A.J. Troiano '10
Concerning majoring in classics: having sat on admissions interviews for UConn, the old saying still rings true about medical schools wanting the “well rounded student.” Science majors are a dime a dozen, and it is what the candidate can do outside of the sphere of science that really makes them desirable. Music majors often are sought after as surgeons for their steady hands, while classics majors are universally seen as one of the most knowledgeable crop. Classics yields such a diverse nature of courses within it, leading to a working professional with excellent, reading, writing and critical thinking abilities that are unparalleled to other majors. When I started writing my first scientific publication, it was very clear to me even in a technical writing capacity, classical studies augmented my skills as a scientist. My first publication went on to be spotlighted by the Journal of Bacteriology, an award they give to the top manuscripts submitted for that issue. Furthermore, as a biomedical researcher working on spore forming bacteria (i.e., anthrax), the ability to form cohesive experiments and develop a research project involved the exact same set of skills used for translating Ancient Greek or Latin texts.
Most importantly, classics provided an education on the human condition; birth, growth, emotionality, aspiration, conflict and mortality. Through translating ancient tragedies, reading Hesiod or Herodotus or learning about the history of Western Civilization (Professor McMahon, comes to mind all of the time), students come to understand human beings and human nature. That in itself is pivotal to a line of work that deals with human beings, whether it be a medical, scientific, judicial or even teaching profession. I truly believe it is that sort of intangible quality of classics majors that separates us from the rest.
For example, when I interviewed at UConn, I had very good scientific credentials from working in a laboratory at UNH and from my microbiology major, but the bulk of my interviews focused on my second major in classics. Doctors who interviewed me were fascinated by my eclectic education, but also ultimately very impressed. Again, when applying for jobs, I used my classics education as a way to justify my communication abilities as personable figure, having the ability to emphasize and connect with people from all different backgrounds, ages, etc. When I was hired here in Rhode Island, it turns out that was one of the key factors in their decision. They saw me as a person who could clearly speak for himself (again, McMahon’s philosophy was that college should train you to be able to do this and I still remember him saying this vividly), on top of my academic credentials, a person who truly knew how to understand people in general. That is a skill no science class would have ever taught me (most likely quite the opposite, a lot of scientists are accurately portrayed as the quintessential introvert).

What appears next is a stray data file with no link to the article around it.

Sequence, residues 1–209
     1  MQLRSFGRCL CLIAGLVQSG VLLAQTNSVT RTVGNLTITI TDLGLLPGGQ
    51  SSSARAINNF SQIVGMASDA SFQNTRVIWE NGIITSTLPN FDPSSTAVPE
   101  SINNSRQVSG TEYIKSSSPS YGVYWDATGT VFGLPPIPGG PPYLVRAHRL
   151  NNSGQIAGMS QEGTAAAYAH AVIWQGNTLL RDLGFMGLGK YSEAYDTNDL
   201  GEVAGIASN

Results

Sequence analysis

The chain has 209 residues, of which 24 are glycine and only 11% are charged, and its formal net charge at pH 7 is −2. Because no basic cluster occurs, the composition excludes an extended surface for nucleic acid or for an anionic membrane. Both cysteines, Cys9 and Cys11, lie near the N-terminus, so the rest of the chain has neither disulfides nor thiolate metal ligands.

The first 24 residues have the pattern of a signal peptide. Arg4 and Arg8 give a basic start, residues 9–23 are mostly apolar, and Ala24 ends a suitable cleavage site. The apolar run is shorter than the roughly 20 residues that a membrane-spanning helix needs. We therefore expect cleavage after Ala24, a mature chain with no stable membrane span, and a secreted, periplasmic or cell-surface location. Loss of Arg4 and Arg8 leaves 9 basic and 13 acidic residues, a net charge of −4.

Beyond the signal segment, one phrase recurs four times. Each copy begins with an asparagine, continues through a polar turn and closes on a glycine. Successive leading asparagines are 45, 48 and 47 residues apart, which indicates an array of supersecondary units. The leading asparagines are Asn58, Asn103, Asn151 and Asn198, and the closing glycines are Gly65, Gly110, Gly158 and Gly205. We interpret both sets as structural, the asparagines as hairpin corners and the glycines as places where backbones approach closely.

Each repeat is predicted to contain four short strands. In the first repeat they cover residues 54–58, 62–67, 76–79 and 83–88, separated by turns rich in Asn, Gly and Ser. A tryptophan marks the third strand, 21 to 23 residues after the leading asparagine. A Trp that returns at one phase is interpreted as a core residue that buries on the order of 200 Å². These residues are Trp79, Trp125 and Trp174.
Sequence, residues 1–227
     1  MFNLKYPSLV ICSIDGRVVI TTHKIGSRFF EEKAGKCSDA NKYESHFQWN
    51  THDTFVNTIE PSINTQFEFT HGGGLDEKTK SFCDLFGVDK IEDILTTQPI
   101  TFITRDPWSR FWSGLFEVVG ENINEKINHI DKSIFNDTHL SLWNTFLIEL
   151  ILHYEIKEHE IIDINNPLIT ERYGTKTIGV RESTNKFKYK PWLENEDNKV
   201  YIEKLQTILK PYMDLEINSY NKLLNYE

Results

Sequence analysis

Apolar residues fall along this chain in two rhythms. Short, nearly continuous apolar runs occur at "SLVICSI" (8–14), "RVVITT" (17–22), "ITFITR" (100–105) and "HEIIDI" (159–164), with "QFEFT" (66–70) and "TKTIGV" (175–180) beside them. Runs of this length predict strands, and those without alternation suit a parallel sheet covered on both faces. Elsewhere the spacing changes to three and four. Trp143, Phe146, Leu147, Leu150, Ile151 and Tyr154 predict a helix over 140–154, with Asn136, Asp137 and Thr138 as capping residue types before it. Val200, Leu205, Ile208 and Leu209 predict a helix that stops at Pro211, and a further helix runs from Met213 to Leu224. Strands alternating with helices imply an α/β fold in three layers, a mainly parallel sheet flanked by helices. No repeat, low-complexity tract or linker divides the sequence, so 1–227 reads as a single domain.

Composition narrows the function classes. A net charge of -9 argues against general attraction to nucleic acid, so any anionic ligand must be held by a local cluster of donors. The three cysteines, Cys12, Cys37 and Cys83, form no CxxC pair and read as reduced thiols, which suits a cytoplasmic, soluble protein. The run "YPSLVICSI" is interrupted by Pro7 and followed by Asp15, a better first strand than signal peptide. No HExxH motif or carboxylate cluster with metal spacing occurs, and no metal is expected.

Moral of this story: without my classical education, there is no possibility I would be as successful as I have been in my life. No question. Having this element in my pedigree has proven invaluable.